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    Posted by Sean at 01:21, April 9th, 2005

    Demonstration going on in Beijing, says the Nikkei:

    A demonstration was being held on the morning of 9 April in the western part of Beijing to call for boycotts of Japanese goods. The reasons given were opposition to Japan’s possible permanent membership in the UN Security Council and dissatisfaction with Japan’s history textbook approval system. Participants numbered in the several thousands, many of whom were shouting their criticisms. The organizers, who had called for participants over the Internet, had predicted that between 10,000 and 20,000 people would gather.

    Protesters have also named a disputed island chain–there are a lot of them in Asia–as an irritant. The area in which the demonstration is being conducted has a lot of places that deal in Japanese electronics.

    It’s up on Reuters, also.

    Added on 11 April: Simon, naturally, has a whole lot of links about the demonstrations, which were held across China. I was going to update this post, but he and his folks have pretty much got it covered.

    Japanese health-care issues still building

    Posted by Sean at 23:49, April 8th, 2005

    Ah, socialized medicine. No one gets extravagant care, no one gets inadequate care–we all get good, solid, top-of-the-line care delivered as cost-effectively as possible.

    Except when we don’t:

    The deaths of four patients at Tokyo Medical University Hospital as a result of coronary artery bypass operations performed by one of its surgeons has highlighted the fact that the hospital failed to properly operate a system under which the surgeon’s skills could improve.

    An external committee investigating the hospital on suspicion of malpractice pointed this out at a press conference on March 30 in Tokyo following its probe of the hospital’s second surgery department, to which the 45-year-old surgeon belonged.

    The independent committee was established in December and comprises five heart surgeons from outside the hospital.

    One of the committee members said at the press conference: “The surgeon was unskilled. He hadn’t acquired the basic knowledge required for heart surgery.”

    Do be sure to click on the link and keep reading–it gets worse from there. Bear in mind that Tokyo Medical University Hospital is not some little backwater institution, either. And heart surgery, in a first-world population that is rapidly aging, is not an obscure little specialty. And screw-ups in the health-care system have been news for at least the near-decade I’ve been here.

    Of course, Japan’s nationwide certification systems–not just those of the hospital–may need review:

    Japan has about 260,000 doctors, but there are about 300,000 specialists as some doctors hold more than one specialization, an indication of how easy they are to get.

    I don’t really know what to make of this–maybe the US is as bad. I’d have no trouble believing that it isn’t, though. The Japanese, in all fields, love certifying boards, but that doesn’t necessarily mean high standards are consistently maintained.


    In related news, a committee of the Japan Society of Intensive Care Medicine has proposed guidelines for treatment cessation–again, a very sticky issue in an aging society (English version, which differs in small points from my translation, here):

    The committee proposed strict conditions as grounds for cessation of treatment: (1) multiple doctors have administered the highest-level of treatments currently available [for the patient’s illness], (2) the medical facility has informed the family that it has the option to seek a second medical opinion from a different hospital, (3) doctors with the fullest available experience and specialized knowledge have confirmed repeatedly that it is impossible to save the patient.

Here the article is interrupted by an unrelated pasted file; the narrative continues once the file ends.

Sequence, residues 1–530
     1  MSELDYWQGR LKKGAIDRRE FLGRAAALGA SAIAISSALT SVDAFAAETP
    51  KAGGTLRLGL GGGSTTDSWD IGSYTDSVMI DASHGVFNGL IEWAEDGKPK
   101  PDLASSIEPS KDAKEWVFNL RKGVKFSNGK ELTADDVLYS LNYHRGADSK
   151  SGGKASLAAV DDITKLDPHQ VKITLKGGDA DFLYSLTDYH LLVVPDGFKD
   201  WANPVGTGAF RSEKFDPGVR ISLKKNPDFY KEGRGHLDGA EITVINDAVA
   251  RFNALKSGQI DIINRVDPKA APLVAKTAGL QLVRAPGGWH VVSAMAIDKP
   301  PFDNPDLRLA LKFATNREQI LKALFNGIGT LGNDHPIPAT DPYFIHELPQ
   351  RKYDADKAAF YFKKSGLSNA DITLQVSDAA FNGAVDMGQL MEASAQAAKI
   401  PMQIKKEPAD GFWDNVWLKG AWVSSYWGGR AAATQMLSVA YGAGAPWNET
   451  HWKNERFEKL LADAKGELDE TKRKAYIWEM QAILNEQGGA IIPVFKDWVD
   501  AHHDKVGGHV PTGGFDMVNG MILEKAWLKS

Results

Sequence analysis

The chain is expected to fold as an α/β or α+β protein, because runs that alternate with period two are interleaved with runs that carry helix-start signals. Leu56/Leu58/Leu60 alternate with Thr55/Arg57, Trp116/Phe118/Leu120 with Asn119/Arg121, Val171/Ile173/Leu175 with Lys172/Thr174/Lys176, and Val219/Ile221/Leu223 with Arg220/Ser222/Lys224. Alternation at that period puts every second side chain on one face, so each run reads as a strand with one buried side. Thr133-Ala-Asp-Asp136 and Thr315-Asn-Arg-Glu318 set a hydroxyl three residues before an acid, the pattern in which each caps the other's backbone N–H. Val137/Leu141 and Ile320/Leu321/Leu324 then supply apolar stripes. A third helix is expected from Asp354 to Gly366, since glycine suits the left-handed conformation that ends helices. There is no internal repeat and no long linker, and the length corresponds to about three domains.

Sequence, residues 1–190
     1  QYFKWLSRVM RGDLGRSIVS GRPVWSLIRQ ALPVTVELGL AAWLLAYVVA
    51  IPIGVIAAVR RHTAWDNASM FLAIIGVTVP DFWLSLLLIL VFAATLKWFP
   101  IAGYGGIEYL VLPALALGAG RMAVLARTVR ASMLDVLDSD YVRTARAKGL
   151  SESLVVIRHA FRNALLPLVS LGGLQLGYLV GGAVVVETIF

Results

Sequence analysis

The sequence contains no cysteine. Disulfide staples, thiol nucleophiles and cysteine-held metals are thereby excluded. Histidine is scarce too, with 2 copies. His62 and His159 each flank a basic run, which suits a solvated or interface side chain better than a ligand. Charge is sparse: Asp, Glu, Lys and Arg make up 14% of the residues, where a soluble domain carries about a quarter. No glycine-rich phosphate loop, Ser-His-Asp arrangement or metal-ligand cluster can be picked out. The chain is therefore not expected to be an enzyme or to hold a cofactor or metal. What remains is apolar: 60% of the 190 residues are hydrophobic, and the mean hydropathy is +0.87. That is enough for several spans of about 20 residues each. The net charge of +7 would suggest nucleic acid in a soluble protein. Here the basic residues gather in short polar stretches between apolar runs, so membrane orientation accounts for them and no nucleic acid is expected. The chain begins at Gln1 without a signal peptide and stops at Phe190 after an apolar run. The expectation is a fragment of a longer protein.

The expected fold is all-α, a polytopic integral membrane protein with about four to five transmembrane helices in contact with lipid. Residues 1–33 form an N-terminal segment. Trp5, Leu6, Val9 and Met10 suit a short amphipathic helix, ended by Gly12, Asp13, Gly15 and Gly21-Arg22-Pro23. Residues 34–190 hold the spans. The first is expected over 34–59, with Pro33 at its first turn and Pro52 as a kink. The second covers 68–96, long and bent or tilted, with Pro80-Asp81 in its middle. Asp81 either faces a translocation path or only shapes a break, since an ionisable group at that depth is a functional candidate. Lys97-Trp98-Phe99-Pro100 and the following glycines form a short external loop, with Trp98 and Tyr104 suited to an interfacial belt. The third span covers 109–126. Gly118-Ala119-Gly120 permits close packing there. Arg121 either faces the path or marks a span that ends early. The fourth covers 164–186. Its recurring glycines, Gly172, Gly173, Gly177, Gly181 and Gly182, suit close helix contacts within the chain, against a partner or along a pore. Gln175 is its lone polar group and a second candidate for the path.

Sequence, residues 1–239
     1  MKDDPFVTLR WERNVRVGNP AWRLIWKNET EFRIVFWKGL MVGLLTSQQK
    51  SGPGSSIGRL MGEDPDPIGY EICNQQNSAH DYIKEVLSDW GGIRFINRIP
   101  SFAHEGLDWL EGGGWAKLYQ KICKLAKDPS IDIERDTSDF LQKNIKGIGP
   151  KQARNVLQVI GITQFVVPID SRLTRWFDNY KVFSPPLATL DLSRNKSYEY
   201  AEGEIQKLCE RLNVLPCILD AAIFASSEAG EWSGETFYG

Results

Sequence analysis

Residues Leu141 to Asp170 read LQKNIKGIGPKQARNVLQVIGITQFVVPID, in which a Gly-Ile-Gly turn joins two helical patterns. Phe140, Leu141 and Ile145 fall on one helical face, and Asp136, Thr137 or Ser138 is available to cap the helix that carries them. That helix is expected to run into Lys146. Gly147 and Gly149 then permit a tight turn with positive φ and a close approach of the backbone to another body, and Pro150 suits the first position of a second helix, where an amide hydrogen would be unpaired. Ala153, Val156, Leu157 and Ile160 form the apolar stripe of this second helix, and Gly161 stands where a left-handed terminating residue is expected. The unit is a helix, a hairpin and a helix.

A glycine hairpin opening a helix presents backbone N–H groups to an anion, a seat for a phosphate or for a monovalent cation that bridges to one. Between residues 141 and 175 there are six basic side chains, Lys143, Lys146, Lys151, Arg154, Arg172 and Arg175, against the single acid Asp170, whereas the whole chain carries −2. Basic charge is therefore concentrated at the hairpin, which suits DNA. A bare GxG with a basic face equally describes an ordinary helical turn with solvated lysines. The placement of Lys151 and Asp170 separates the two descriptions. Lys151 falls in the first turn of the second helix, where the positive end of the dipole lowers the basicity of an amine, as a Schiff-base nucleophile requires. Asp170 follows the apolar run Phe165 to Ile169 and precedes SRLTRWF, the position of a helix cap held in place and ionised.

In addition, the proposal establishes four options that a medical facility must offer to the family [of a patient whose case meets the above conditions]: (1) intensifying of treatment, (2) maintenance of the current course of treatments, (3) decrease in amount of medication or treatment, or (4) cessation of treatment. However, in the case that cessation of treatment is chosen, it is forbidden to detach the patient from an artificial respirator, oxygen supply, or minimal supply of water and nutrients.

    Mercy-killing is an issue that’s started to bubble through the Japanese medical system, erupting most recently in the conviction of a Kawasaki doctor for murder:

    Suda has insisted that she removed the tube and instructed the nurse to give him muscle relaxant without attaching a respirator in a bid to help him die in a natural way at the request of his family in November 1998.

    Presiding Judge Kenji Hirose denied her claims.

    “There was a possibility of recovery. The court doesn’t find that she provided the best treatment,” the judge said.

    As for Suda’s claims that the patent’s family approved of her actions to help him die naturally, Hirose said that the doctor misunderstood the family’s mindset.

    As reasons for suspending the sentence, Hirose said that Suda tried to help the patient die naturally for the sake of his family although she misunderstood his family’s sentiment at that time.

    In this case, the tragedy was pretty clearly a misunderstanding. The patient was comatose; the prosecution acknowledged that he was expected to live only a few weeks. The doctor claimed that she had given him not a lethal dose of muscle relaxant but just enough to try to keep his airway open after the tube was removed. I’ve seen no medical evidence to prove or disprove that; if it existed, I think it would have come out in the two or three years the case has been around.